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The new Egyptian wilderness

As Moses once led his people out of Egypt to Mt. Sinai, church leaders in a post-Mubarak era are discovering how to guide the largest Christian population in the Middle East against new threats and become good neighbors

Issue: "Trouble in Egypt," June 2, 2012

CAIRO-On a bright Sunday morning in Nasr City, a district of Cairo, millions of Egyptians begin a typical workday: Women in brightly colored head coverings barter for vegetables in outdoor markets, men in compact cars relentlessly blare horns during morning commutes, and children in neat uniforms march arm-in-arm to local schools.

The morning call to prayer wafts from dozens of nearby mosques, but Sunday isn't a holy day for Egypt's majority Muslim population. Schools close and mosques open for weekly sermons on Friday.

But in an eight-story building tucked into a row of high-rise apartments on a major thoroughfare, an exception to the normal routine unfolds. Draw near to the gates of the only evangelical church in this district of some 2 million Egyptians, and you'll hear the sound of nearly 300 voices singing in Arabic: "Consider it all joy when you go through trials."

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Come inside the packed meeting room with high ceilings and wooden pews and you'll find a church leader behind a pulpit talking about Moses. "Moses understood the sovereignty and power of God," he says. "But I don't think he had a clue how powerful and sovereign God was until he lived with Him in the wilderness."

It's a message that resonates for Egyptian Christians living in a modern-day wilderness of their own. Though life has been difficult for the minority group for decades, the last year has brought a revolution that yielded an Islamist-dominated parliament and worries that life may grow even harder for Christians already facing discrimination and oppression.

Last October, fears deepened when the army cracked down on Coptic Christians in Cairo protesting the demolition of a church building in Aswan. The assault on protesters killed 27 and injured more than 300.

As many as 200,000 Coptic Christians have fled Egypt since last year, and handfuls of evangelicals report knowing many in their own circles fleeing the unrest. With the country set to hold its first post-revolution presidential elections May 23-24 (and possible run-off elections in June), the unrest could grow deeper. Conflicts between supporters of Islamic groups, the military, and secular parties fomented into violent street fights by early May.

The turmoil affects all Egyptians, including the millions of Egyptians who live below the poverty line and have little hope of fleeing. But it leaves minority groups especially vulnerable and threatens to shrink dramatically the largest remaining Christian population in the Middle East.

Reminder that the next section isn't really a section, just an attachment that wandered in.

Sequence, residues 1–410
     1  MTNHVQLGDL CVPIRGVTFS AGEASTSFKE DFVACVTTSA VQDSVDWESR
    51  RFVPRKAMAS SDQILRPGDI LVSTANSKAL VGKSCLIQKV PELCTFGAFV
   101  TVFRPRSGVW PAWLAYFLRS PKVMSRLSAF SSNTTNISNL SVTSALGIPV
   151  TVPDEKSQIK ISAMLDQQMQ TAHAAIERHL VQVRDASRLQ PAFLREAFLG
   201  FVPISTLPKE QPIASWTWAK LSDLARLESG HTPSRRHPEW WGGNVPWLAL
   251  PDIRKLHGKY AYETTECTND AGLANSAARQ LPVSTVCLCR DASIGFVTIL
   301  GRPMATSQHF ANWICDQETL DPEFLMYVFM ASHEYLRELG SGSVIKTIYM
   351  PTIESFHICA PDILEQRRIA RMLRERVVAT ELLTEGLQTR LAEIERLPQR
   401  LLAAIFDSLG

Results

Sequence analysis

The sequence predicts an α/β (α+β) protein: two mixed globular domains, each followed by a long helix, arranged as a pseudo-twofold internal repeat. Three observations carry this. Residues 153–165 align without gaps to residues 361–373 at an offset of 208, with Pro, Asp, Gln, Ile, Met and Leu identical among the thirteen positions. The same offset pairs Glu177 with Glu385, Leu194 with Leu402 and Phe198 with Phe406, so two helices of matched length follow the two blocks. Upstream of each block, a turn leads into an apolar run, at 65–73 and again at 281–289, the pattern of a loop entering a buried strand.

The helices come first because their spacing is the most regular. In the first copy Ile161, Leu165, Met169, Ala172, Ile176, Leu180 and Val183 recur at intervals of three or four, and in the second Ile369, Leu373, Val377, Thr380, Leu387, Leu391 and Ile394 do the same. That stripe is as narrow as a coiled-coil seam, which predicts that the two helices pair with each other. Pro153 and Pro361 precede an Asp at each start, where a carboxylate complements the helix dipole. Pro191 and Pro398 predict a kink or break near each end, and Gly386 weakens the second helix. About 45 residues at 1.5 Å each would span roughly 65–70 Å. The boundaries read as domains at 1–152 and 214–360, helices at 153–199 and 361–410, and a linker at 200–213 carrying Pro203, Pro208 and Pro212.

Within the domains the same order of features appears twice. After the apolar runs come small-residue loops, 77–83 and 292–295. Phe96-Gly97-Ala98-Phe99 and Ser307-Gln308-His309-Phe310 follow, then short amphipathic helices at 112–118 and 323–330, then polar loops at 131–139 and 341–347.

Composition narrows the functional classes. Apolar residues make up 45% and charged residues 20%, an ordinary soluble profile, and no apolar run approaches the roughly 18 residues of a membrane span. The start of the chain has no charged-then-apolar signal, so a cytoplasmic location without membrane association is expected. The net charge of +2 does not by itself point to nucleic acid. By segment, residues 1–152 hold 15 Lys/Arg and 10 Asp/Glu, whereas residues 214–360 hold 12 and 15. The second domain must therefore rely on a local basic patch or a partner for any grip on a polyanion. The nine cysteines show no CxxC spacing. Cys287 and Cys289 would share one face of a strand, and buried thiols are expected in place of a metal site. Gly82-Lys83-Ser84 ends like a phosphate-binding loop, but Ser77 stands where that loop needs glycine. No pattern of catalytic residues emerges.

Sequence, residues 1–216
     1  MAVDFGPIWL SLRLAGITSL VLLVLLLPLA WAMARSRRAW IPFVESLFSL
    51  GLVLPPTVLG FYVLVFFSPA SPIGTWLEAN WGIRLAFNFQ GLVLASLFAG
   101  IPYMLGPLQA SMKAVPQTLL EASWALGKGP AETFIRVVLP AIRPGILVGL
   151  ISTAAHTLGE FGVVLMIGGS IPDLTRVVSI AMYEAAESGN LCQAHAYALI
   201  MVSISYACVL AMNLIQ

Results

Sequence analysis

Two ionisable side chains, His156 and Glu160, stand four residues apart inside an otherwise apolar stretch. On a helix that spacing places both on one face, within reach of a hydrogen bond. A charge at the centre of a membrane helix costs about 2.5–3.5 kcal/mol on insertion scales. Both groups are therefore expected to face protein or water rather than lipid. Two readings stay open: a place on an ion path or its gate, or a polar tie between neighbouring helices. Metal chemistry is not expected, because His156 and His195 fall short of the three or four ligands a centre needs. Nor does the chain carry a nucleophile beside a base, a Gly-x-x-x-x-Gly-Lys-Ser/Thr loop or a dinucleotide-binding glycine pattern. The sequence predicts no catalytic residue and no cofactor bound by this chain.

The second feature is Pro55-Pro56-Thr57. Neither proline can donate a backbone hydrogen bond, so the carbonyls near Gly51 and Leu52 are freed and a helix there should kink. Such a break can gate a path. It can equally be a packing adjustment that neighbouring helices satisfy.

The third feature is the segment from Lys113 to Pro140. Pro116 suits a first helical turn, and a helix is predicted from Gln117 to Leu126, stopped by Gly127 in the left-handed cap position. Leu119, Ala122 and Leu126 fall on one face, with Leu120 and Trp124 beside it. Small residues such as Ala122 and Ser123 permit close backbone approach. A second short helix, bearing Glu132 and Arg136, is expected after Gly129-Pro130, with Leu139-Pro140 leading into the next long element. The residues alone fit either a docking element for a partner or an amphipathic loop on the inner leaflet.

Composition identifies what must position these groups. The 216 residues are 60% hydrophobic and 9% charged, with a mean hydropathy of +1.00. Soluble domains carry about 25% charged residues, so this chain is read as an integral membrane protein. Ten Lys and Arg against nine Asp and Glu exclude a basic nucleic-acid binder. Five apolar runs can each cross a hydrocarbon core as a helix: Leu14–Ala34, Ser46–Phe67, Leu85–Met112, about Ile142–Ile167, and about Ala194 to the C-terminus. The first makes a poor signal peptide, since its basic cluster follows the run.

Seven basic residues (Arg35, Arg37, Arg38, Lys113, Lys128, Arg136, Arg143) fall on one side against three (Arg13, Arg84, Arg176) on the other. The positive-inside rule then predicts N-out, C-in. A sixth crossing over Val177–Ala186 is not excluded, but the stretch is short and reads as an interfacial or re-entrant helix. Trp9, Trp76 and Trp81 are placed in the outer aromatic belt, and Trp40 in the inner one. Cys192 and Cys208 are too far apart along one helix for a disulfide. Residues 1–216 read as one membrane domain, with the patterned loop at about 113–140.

Though this wilderness may be vast for Egypt's Christians, it isn't barren. Even if Egyptian Christians aren't sure where they're headed in an unpredictable landscape, some-including a determined population of evangelicals-are finding fresh resolve to continue serving their communities and new courage to speak into a society that has often scorned them.

At the church in Nasr City, pastor Ezzat Shaker prays that trend continues: "I hope that the church will be a church without walls." And though he knows that life for Christians could grow more difficult in the days ahead, he adds: "Jesus said it's His church. ... No fear."

For many Egyptians, fear has been a steady reality since last year. During the Middle East's tumultuous Arab Spring last year, Egyptian citizens amassed in cities like Cairo and Alexandria demanding regime change. The protests shut down ordinary life, and chaos ensued when security police abandoned their posts, leaving citizens to guard their homes and businesses round-the-clock.

Still, in an extraordinary 18 days, the 30-year-old rule of authoritarian President Hosni Mubarak crumbled, and a military council announced its ruling power until the country could hold its first legitimate elections in decades.

More than a million Egyptians had packed into Cairo's Tahrir Square for protests that turned to mass celebrations as Mubarak announced his departure. (More than a year later, Egyptians await a verdict in Mubarak's trial for charges of corruption and murder during his dictatorial reign.)

But celebration turned to uncertainty as Egyptians faced the post-Mubarak reality: How would unorganized citizens build a new government? An organized group answered: The Muslim Brotherhood-an Islamic group long banned from Egyptian politics by Mubarak-emerged with a well-organized political party that drew widespread support. The group's Freedom and Justice Party won nearly 50 percent of the seats in parliamentary elections in January.

The group's rise alarmed secularists who had led the revolution in hopes of a secular government. It also alarmed Christians. Though the Muslim Brotherhood claims moderation in its views, the group has had terrorist ties in other countries, and its most famous slogan is stark: "Islam is the solution."

While some worried about the Muslim Brotherhood, others worried more about Salafi Muslims who won 24 percent of the seats in parliament. Salafists don't claim moderation: The fundamentalist group advocates strict adherence to Sharia law. Authorities increasingly implicate the group in targeted attacks on Christians. And when the group backed a presidential candidate earlier this year, men with long beards and women with faces covered by black niqabs carried signs of support through Tahrir Square.

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